A cargo ship stuck in ice sounds like a catastrophe, but in this case, it was actually a blessing in disguise. Once trapped, the ship had no way of getting back to open

Ice Thickness and Risk Assessment

Once the crew of the Coast Guard Cutter Polar Star assessed the ice thickness and risk involved, they were prepared to go in. They made sure they had the right equipment, and they knew what they were getting into before they went in.
Before going in, your team should make an assessment of their ice thickness and risk involved. Find out how thick it is and if there are any complications that may arise during the rescue. For example, if there is a large crack forming as a result of too much pressure on the ship, then you’ll need to prepare for how you’re going to get inside without injuring yourself or anyone else.
Another thing that you should assess is whether or not any dangerous chemicals are on board the ship. If so, make sure that you have appropriate gear with you when you go in to avoid injury or exposure to chemical fumes.

Rescue Plan

The Coast Guard and Maersk Triple E crews worked together to plan a rescue operation. The first step was to assess the area, which consisted of ice floes in the Chesapeake. The most important part was to map out the ship’s location on the ice. Once that was done, a decision about what would happen next had to be made.
The Coast Guard could have attempted to break through the ice on their own, which would have been risky because they are not equipped for it. Instead, they brought in a vessel from their fleet that is specifically designed for this type of mission: a large cutter called the Polar Star. After assessing the situation and making sure it was safe for the crew, they were able to break through with its equipment and brute force, climbing onto the ship and assessing its condition before moving onto rescuing some of its crew members who were stranded outside during evacuation efforts.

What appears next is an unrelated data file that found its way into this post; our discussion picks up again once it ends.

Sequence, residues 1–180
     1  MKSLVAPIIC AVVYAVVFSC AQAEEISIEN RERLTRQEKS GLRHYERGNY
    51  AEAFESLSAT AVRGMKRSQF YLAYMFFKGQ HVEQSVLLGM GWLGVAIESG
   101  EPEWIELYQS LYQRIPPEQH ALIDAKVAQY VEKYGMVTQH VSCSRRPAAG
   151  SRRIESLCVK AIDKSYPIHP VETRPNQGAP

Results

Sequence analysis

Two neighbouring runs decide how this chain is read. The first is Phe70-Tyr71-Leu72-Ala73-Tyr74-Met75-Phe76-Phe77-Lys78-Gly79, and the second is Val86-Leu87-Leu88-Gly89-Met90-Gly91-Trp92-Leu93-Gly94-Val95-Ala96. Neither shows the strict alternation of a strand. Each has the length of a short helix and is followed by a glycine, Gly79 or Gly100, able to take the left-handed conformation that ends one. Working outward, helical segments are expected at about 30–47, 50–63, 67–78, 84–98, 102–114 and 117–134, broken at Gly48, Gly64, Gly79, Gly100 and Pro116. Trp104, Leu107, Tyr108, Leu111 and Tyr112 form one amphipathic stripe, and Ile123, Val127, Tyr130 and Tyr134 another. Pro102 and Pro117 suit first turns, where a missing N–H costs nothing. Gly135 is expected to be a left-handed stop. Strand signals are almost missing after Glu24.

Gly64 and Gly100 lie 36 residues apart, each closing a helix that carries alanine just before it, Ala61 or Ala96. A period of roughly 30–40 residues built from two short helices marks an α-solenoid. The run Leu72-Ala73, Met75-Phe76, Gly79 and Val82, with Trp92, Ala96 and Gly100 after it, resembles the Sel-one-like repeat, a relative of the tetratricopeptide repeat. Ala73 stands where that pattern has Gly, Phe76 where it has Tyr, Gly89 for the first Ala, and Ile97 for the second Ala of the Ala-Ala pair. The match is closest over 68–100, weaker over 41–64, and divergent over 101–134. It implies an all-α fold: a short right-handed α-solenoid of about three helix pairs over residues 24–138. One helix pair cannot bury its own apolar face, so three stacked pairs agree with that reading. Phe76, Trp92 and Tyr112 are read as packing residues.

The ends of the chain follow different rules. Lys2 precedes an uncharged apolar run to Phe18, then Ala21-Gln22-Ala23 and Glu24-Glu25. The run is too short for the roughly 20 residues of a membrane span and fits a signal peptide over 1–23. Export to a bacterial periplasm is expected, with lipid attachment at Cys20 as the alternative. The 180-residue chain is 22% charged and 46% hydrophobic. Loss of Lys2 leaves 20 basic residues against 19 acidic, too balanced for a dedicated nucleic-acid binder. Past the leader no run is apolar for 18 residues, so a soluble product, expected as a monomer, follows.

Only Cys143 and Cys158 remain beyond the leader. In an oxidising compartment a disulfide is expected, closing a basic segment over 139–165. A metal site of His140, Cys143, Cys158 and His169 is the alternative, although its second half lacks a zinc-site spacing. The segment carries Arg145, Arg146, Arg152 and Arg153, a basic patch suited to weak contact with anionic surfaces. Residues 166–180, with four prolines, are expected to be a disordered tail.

The Crew Gets Ready

The crew gets ready for the rescue by assessing the situation and understanding what actions they will take.
First, they assess the situation to determine how thick and dangerous the ice is. They then make plans for a successful rescue. This includes deciding how they will get on board, where they will go once they reach the ship, and how they are going to break through the ice.
The crew then goes in and makes sure their equipment is working before they start their rescue mission.

The Rescue Mission

The rescue mission was successful, but it wasn’t without its challenges.
The ice was too thick and the sea was too rough to get a smaller boat to the ship. Instead, the crew had to use equipment on board their cutter and brute force, including using a fire hose to blow out a hole so they could go aboard. Once they accomplished that feat, they were able to assess the situation and make plans for a successful rescue.
Once everyone on board was off and safe, the captain of the Maersk Triple E thanked them for their help in making sure that everyone made it back home safely.
A little bit of luck can go a long way–and save your business from disaster!

Final Words

It was a rough rescue, but the Coast Guard did it! Even in the most difficult situations, these men and women are able to be resourceful and solve problems. The United States Coast Guard is an invaluable asset to the United States because of their ability to effectively take on any situation.